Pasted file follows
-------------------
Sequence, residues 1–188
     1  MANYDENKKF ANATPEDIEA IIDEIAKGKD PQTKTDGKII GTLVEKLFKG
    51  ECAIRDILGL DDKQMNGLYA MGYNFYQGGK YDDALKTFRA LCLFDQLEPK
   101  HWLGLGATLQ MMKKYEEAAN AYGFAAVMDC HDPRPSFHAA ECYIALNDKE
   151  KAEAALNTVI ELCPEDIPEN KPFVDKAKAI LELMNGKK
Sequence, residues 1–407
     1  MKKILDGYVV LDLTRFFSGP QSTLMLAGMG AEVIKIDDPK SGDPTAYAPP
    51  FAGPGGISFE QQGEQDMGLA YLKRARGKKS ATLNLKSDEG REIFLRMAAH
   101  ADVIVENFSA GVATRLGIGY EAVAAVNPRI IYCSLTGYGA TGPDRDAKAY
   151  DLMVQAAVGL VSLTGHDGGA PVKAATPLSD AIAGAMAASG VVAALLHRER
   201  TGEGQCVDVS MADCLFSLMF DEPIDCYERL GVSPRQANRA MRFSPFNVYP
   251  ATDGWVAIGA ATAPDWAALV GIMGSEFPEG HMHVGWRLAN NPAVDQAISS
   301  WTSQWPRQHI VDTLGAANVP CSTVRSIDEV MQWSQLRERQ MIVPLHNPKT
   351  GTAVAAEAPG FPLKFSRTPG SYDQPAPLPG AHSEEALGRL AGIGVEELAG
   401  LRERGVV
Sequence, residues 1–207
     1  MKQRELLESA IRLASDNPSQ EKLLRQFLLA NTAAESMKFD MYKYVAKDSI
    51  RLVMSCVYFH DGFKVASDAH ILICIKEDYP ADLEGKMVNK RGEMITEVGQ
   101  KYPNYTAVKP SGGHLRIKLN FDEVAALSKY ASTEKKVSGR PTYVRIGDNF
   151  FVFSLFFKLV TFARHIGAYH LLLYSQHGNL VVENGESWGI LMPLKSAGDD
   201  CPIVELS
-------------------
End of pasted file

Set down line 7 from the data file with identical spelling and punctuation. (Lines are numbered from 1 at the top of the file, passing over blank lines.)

     1  MKKILDGYVV LDLTRFFSGP QSTLMLAGMG AEVIKIDDPK SGDPTAYAPP